37. Compare D, Rocco A, Coccoli P, Angrisani D, Sgamato C, Iovine B, Salvatore U, Nardone G. Lactobacillus casei DG and its postbiotic reduce the inflammatory mucosal response: an ex-vivo organ culture model of post-infectious irritable bowel syndrome. BMC Gastroenterol. 2017; 17:53. https://doi.org/10.1186/s12876-017-0605-x.

38. Lewis ZT, Shani G, Masarweh CF, Popovic M, Frese SA, Sela DA, Underwood MA, Mills DA. Validating bifidobacterial species and subspecies identity in commercial probiotic products. Pediatr Res. 2016; 79:445–52. https://doi.org/10.1038/pr.2015.244.

39. Govender M, Choonara YE, Kumar P, du Toit LC, van Vuuren S, Pillay V. A review of the advancements in probiotic delivery: Conventional vs. non-conventional formulations for intestinal flora supplementation. AAPS PharmSciTech. 2014; 15:29–43. https://doi.org/10.1208/s12249-013-0027-1.

40. Nishiyama H, Nagai T, Kudo M, Okazaki Y, Azuma Y, Watanabe T, Goto S, Ogata H, Sakurai T. Supplementation of pancreatic digestive enzymes alters the composition of intestinal microbiota in mice. Biochem Biophys Res Commun. 2018; 495:273–9. https://doi.org/10.1016/j.bbrc.2017.10.130.

41. Spear GT, French AL, Gilbert D, Zariffard MR, Mirmonsef P, Sullivan TH, Spear WW, Landay A, Micci S, Lee BH, Hamaker BR. Human alpha-amylase present in lower-genital-tract mucosal fluid processes glycogen to support vaginal colonization by Lactobacillus. J Infect Dis. 2014; 210:1019–28. https://doi.org/10.1093/infdis/jiu231.

42. Willing BP, Russell SL, Finlay BB. Shifting the balance: antibiotic effects on host-microbiota mutualism. Nat Rev Microbiol. 2011; 9:233–43. https://doi.org/10.1038/nrmicro2536.

43. Gao Z, Guo B, Gao R, Zhu Q, Wu W, Qin H. Probiotics modify human intestinal mucosa-associated microbiota in patients with colorectal cancer. Mol Med Rep. 2015; 12:6119–27. https://doi.org/10.3892/mmr.2015.4124.

44. Zou S, Fang L, Lee MH. Dysbiosis of gut microbiota in promoting the development of colorectal cancer. Gastroenterol Rep (Oxf). 2018; 6:1–12. https://doi.org/10.1093/gastro/gox031.

45. Preidis GA, Versalovic J. Targeting the human microbiome with antibiotics, probiotics, and prebiotics: gastroenterology enters the metagenomics era. Gastroenterology. 2009; 136:2015–31.

46. Bindels LB, Beck R, Schakman O, Martin JC, De Backer F, Sohet FM, Dewulf EM, Pachikian BD, Neyrinck AM, Thissen JP, Verrax J, Calderon PB, Pot B, et al. Restoring specific lactobacilli levels decreases inflammation and muscle atrophy markers in an acute leukemia mouse model. PLoS One. 2012; 7:e37971. https://doi.org/10.1371/journal.pone.0037971.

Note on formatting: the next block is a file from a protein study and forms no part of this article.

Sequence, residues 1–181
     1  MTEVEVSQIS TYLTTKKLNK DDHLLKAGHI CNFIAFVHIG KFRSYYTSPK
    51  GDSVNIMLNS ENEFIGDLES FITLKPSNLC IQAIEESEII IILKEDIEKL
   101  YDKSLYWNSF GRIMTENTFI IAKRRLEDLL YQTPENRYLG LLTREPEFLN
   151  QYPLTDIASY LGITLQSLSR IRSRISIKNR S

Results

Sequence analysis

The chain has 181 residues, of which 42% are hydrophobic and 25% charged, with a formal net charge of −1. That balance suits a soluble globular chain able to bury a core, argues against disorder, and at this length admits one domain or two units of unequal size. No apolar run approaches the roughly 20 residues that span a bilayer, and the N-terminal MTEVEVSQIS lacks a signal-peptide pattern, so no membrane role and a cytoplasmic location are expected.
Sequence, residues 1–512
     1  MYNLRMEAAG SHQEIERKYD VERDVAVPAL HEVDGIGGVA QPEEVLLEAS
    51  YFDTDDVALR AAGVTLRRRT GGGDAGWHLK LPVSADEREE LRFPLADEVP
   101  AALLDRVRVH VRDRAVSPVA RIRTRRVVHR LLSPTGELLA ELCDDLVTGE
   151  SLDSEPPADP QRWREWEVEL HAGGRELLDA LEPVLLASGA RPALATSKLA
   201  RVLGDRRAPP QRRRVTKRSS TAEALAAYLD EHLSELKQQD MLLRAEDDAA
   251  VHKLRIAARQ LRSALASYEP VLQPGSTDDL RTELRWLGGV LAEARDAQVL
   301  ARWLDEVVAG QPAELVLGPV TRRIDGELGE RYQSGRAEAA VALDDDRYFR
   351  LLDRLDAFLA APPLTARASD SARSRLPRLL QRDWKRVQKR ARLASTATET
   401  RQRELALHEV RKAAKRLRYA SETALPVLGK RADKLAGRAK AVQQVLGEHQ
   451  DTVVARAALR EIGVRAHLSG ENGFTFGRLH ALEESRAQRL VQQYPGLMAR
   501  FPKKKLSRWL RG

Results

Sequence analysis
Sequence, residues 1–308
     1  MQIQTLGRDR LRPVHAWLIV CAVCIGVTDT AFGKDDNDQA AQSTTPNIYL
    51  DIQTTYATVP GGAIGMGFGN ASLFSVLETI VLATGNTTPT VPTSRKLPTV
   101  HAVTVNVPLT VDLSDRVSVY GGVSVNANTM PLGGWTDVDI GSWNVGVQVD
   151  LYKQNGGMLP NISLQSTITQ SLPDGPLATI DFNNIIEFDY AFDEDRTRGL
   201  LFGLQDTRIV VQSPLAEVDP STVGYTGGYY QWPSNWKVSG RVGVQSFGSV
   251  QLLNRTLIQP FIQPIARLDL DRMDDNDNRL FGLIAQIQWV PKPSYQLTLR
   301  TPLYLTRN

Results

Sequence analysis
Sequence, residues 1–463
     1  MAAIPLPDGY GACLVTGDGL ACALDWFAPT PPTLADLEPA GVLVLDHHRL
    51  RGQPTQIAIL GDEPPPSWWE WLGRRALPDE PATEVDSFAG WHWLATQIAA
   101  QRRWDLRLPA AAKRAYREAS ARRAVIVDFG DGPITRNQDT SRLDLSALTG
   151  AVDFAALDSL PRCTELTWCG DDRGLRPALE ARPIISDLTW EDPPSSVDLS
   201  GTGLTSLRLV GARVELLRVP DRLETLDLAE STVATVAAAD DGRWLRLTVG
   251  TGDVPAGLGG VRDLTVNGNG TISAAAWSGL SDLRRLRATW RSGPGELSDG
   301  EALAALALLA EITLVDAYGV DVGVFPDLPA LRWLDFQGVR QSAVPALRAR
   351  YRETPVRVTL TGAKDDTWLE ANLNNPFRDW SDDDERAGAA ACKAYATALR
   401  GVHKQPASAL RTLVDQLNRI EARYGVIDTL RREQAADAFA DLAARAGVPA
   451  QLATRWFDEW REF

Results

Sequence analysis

47. Bindels LB, Neyrinck AM, Salazar N, Taminiau B, Druart C, Muccioli GG, Francois E, Blecker C, Richel A, Daube G, Mahillon J, de los Reyes-Gavilan CG, Cani PD, et al. Non Digestible Oligosaccharides Modulate the Gut Microbiota to Control the Development of Leukemia and Associated Cachexia in Mice. PLoS One. 2015; 10:e0131009. https://doi.org/10.1371/journal.pone.0131009.

48. Coussens LM, Werb Z. Inflammation and cancer. Nature. 2002; 420:860–7. https://doi.org/10.1038/nature01322.

49. Ciernikova S, Mego M, Semanova M, Wachsmannova L, Adamcikova Z, Stevurkova V, Drgona L, Zajac V. Probiotic Survey in Cancer Patients Treated in the Outpatient Department in a Comprehensive Cancer Center. Integr Cancer Ther. 2017; 16:188–95. https://doi.org/10.1177/1534735416643828.

50. Munoz P, Bouza E, Cuenca-Estrella M, Eiros JM, Perez MJ, Sanchez-Somolinos M, Rincon C, Hortal J, Pelaez T. Saccharomyces cerevisiae fungemia: an emerging infectious disease. Clin Infect Dis. 2005; 40:1625–34. https://doi.org/10.1086/429916.

51. Herbrecht R, Nivoix Y. Saccharomyces cerevisiae fungemia: an adverse effect of Saccharomyces boulardii probiotic administration. Clin Infect Dis. 2005; 40:1635–7. https://doi.org/10.1086/429926.

52. Hassan H, Rompola M, Glaser AW, Kinsey SE, Phillips RS. Systematic review and meta-analysis investigating the efficacy and safety of probiotics in people with cancer. Support Care Cancer. 2018; 26:2503–2509. https://doi.org/10.1007/s00520-018-4216-z.

53. Redman MG, Ward EJ, Phillips RS. The efficacy and safety of probiotics in people with cancer: a systematic review. Ann Oncol. 2014; 25:1919–29. https://doi.org/10.1093/annonc/mdu106.

54. Possemiers S, Verthe K, Uyttendaele S, Verstraete W. PCR-DGGE-based quantification of stability of the microbial community in a simulator of the human intestinal microbial ecosystem. FEMS Microbiol Ecol. 2004; 49:495–507. https://doi.org/10.1016/j.femsec.2004.05.002.

55. De Weirdt R, Possemiers S, Vermeulen G, Moerdijk-Poortvliet TC, Boschker HT, Verstraete W, Van de Wiele T. Human faecal microbiota display variable patterns of glycerol metabolism. FEMS Microbiol Ecol. 2010; 74: 601–11. https://doi.org/10.1111/j.1574-6941.2010.00974.x.

56. Garcia-Villalba R, Vissenaekens H, Pitart J, Romo-Vaquero M, Espin JC, Grootaert C, Selma MV, Raes K, Smagghe G, Possemiers S, Van Camp J, Tomas-Barberan FA. Gastrointestinal Simulation Model TWIN-SHIME Shows Differences between Human Urolithin-Metabotypes in Gut Microbiota Composition, Pomegranate Polyphenol Metabolism, and Transport along the Intestinal Tract. J Agric Food Chem. 2017; 65:5480–93. https://doi.org/10.1021/acs.jafc.7b02049.

57. Ma J, Tang JY, Wang S, Chen ZL, Li XD, Li YH. Illumina sequencing of bacterial 16S rDNA and 16S rRNA reveals seasonal and species-specific variation in bacterial communities in four moss species. Appl Microbiol Biotechnol. 2017; 101:6739–53. https://doi.org/10.1007/s00253-017-8391-5.

58. Van den Abbeele P, Grootaert C, Marzorati M, Possemiers S, Verstraete W, Gerard P, Rabot S, Bruneau A, El Aidy S, Derrien M, Zoetendal E, Kleerebezem M, Smidt H, et al. Microbial community development in a dynamic gut model is reproducible, colon region specific, and selective for Bacteroidetes and Clostridium cluster IX. Appl Environ Microbiol. 2010; 76:5237–46. https://doi.org/10.1128/AEM.00759-10.

59. Satsu H, Ishimoto Y, Nakano T, Mochizuki T, Iwanaga T, Shimizu M. Induction by activated macrophage-like THP-1 cells of apoptotic and necrotic cell death in intestinal epithelial Caco-2 monolayers via tumor necrosis factor-alpha. Exp Cell Res. 2006; 312:3909–19. https://doi.org/10.1016/j.yexcr.2006.08.018.


Creative Commons License All site content, except where otherwise noted, is licensed under a Creative Commons Attribution 3.0 License.
PII: 25778